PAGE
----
The following events occurred while I was deployed to Afghanistan. They directly influenced my views on counter-insurgency. Today, I write about what happened; tomorrow, I will write about what I learned.
A few weeks before my company was due to leave Afghanistan, our Company Commander secured the resources to conduct two Medical Civil Action Projects (MEDCAP) within our area of operations. The first MEDCAP would occur in my area of operations in the recently secured village of Pashad. The second would occur two days later in the contentious Chowkay River Valley.
My MEDCAP ended as an unqualified success--we treated so many people our medical supplies ran out. The other MEDCAP ended in an IED explosion: three coalition casualties, a destroyed Humvee and much fewer civilians treated.
Based on my meetings with village elders, I knew that the village of Pashad lacked any medical facilities. They didn't even have a pharmacy. I have posted about Pashad before and the success of coalition and Afghan efforts in that area. Pashad was special to me, I had connected with the leaders in that village and I wanted to help them.
Before our MEDCAP, I laid the groundwork by continuing my security visits at night to Pashad. At least every three days, my Platoon and I drove down to Pashad and met with the local Afghanistan National Police checkpoint commander Sayed Abdullah. He and I discussed security issues and I started laying the groundwork for the MEDCAP with basic planning. Meanwhile, the newly appointed District Governor Mustafa Khan talked with village elders about the need for a MEDCAP and laid the groundwork on the Afghan side of the house. Somewhere in the middle, the Afghan Army got on board. We also secured a local Afghan doctor and our battalion surgeon to run the medical portion of the MEDCAP.
On the day of the MEDCAP, I led a convoy of eight US vehicles, fifty or so US PAX, eight Afghan Security Force vehicles and an about equal strength of Afghanistan National Army soldiers—the largest convoy I would ever lead. Even though I had told the leaders of Pashad what day I would arrive, I did not tell them the time. I trusted Sayed Abdullah, but even though I trusted him I could never trust who he would tell and what they would do. Fortunately, on our way to the village we we weren't attacked.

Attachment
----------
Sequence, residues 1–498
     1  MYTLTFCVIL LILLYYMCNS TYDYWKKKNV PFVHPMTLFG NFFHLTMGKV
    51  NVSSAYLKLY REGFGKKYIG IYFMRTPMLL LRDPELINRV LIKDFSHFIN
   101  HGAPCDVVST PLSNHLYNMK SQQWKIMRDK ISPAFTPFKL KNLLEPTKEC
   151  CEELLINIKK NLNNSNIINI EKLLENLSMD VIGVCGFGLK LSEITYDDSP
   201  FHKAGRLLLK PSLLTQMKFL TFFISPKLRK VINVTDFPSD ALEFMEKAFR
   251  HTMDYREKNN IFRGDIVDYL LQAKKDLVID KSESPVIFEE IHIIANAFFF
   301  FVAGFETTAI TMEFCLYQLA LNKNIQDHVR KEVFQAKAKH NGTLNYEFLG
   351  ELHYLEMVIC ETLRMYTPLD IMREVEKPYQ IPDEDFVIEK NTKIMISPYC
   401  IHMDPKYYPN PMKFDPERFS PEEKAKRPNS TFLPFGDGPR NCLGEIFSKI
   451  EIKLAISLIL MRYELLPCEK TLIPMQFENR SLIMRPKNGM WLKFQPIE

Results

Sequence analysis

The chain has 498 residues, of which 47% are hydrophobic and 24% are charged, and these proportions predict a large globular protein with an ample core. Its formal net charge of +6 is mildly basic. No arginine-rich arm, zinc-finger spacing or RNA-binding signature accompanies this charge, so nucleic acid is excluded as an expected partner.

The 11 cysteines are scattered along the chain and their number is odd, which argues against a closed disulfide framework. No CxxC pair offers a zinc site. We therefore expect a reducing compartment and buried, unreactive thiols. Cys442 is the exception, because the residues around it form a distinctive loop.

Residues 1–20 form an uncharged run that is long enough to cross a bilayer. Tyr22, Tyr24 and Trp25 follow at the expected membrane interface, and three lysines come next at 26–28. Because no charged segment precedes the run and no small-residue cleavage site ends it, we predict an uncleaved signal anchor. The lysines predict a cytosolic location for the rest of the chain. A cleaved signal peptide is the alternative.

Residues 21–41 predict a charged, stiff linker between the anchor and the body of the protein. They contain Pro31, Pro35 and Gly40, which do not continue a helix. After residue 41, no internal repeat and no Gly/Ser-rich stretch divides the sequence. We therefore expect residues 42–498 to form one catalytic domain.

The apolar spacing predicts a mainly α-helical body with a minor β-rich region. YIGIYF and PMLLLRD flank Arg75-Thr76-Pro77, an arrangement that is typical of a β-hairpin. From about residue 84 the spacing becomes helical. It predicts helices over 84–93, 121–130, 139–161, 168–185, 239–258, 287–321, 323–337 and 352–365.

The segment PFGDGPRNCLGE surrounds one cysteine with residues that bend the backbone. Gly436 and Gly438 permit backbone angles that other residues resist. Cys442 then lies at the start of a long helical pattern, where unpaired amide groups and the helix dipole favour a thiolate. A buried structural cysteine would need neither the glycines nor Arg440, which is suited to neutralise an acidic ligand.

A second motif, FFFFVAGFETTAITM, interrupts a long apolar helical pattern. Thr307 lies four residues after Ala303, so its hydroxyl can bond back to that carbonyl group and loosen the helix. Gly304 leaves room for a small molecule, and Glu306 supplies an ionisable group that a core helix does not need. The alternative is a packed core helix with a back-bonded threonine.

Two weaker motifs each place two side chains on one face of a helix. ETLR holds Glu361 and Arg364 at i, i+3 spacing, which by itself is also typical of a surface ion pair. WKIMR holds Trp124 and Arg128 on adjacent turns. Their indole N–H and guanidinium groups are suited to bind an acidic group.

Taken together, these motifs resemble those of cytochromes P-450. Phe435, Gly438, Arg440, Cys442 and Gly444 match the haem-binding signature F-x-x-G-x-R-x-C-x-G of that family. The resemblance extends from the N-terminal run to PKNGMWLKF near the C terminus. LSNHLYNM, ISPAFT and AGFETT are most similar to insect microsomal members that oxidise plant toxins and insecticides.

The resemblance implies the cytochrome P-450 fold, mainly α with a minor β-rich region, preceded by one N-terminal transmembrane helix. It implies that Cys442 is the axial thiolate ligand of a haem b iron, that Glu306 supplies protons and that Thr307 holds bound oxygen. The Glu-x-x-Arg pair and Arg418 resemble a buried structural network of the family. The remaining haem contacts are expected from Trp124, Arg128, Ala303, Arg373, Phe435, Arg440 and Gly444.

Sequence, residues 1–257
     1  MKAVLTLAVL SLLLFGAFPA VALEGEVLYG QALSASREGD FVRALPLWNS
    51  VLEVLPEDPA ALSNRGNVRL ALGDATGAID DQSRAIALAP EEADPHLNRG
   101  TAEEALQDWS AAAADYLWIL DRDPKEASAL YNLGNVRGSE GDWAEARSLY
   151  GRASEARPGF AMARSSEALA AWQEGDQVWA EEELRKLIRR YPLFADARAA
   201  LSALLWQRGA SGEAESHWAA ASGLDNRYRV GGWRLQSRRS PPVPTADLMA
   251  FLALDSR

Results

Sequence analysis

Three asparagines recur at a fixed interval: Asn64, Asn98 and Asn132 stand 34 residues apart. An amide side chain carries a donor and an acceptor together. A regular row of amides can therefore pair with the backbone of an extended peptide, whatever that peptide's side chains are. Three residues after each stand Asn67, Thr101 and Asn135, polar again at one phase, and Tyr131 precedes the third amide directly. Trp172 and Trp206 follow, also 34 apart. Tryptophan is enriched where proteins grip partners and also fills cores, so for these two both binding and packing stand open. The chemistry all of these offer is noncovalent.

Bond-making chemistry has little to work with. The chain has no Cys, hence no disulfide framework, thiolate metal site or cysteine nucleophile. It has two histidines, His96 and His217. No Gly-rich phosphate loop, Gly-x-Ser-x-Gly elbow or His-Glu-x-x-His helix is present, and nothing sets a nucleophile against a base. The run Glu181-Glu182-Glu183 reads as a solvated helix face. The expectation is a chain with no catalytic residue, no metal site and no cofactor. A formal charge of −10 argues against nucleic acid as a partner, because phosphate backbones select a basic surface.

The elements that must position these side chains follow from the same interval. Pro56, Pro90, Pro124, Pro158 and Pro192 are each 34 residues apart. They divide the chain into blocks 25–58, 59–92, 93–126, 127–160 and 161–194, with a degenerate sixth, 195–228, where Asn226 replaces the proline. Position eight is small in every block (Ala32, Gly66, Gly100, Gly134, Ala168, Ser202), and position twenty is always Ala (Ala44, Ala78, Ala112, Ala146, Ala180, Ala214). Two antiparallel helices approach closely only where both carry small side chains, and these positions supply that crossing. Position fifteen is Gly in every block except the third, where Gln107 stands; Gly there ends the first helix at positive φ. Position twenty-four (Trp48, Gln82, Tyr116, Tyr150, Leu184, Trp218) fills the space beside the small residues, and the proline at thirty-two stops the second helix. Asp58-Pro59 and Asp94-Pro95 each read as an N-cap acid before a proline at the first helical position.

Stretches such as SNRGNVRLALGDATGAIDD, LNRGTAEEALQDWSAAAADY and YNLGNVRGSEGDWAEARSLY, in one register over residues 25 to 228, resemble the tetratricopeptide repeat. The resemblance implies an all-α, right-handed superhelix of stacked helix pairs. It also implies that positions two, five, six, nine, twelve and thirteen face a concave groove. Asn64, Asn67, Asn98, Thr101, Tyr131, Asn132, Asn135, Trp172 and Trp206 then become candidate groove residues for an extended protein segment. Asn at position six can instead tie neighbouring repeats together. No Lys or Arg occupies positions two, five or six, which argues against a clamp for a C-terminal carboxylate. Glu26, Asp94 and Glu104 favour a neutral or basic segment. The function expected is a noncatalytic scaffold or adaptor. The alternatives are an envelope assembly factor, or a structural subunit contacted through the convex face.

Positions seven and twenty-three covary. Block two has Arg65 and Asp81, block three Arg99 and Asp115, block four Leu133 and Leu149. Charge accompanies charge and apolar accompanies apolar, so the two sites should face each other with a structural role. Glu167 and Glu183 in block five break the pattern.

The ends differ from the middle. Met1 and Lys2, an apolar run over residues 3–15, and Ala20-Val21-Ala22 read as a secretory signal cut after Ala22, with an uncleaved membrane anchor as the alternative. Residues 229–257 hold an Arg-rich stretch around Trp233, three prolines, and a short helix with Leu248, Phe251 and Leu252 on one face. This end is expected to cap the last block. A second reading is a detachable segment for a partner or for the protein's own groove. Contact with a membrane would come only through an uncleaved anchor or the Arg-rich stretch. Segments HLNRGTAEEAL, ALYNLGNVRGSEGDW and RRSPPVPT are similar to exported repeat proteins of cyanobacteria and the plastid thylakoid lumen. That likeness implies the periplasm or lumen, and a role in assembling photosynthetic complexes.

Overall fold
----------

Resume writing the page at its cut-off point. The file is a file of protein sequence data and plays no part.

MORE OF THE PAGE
When we showed up, the local police had cordoned off an old school. The local Afghans waiting for medicine acted perfectly civil--no pushing, shoving or otherwise inappropriate behavior. Even better, the Afghan police and Afghan Army worked together to secure our perimeter, something that doesn't always happen. Our company's trucks simply provided additional security and, of course, the resources for the MEDCAP. Once we arrived in Pashad, I wasn't too worried about security; a huge crowd was waiting for us and in this region in Afghanistan, the Taliban and other insurgents wouldn't risk injuring civilians. They needed the support of the local population as much as we did. After a short set up, we began treating civilians.
Eventually, a shura began. No one started it, it just sort of accreted out of the ether. Before I knew it, I was sitting in a room in the school eating a meager portion of chicken and rice and beans, a feast in Afghan terms. Whenever you have that many big names in a small village like Pashad, a shura is bound to begin. The locals talked, thanked us for our help, and then asked for more. A typical Afghan shura.
By the end of the day, our US/Afghan medical team treated over 150 children, 50 women and 120 men. Due to their culture, treating women is very unusual in Afghanistan; most get denied medical treatment. This shows both the level of trust we had earned with the locals and their desperation for medicine. Our mission in Pashad proved a humanitarian success, a quality training mission for the Afghanistan National Army, and an intelligence victory for our Tactical Humint Team.
A few days later, a second MEDCAP left from a sister FOB headed out the Chowkay River Valley. VPB Chowkay lay about fifteen kilometers in straight line distance from Camp Joyce or a forty-five minute drive on the roads. A similar force to the first MEDCAP would arrive at VPB Chowkay with both coalition forces and Afghan security forces prepared to treat local civilians. Unfortunately, few locals turned out. The road to VPB Chowkay had a persistent IED threat. When I went into the command post for the nightly update brief, I learned that an IED detonated on the route clearance platoon as my company prepared to return for the day. The blast killed a soldier, wounded two others and completely destroyed a Humvee.
Two crucial missions in Afghanistan, why does one mission succeed in Afghanistan and another fail? Tomorrow I will address the lessons these two patrols can teach us about Afghanistan.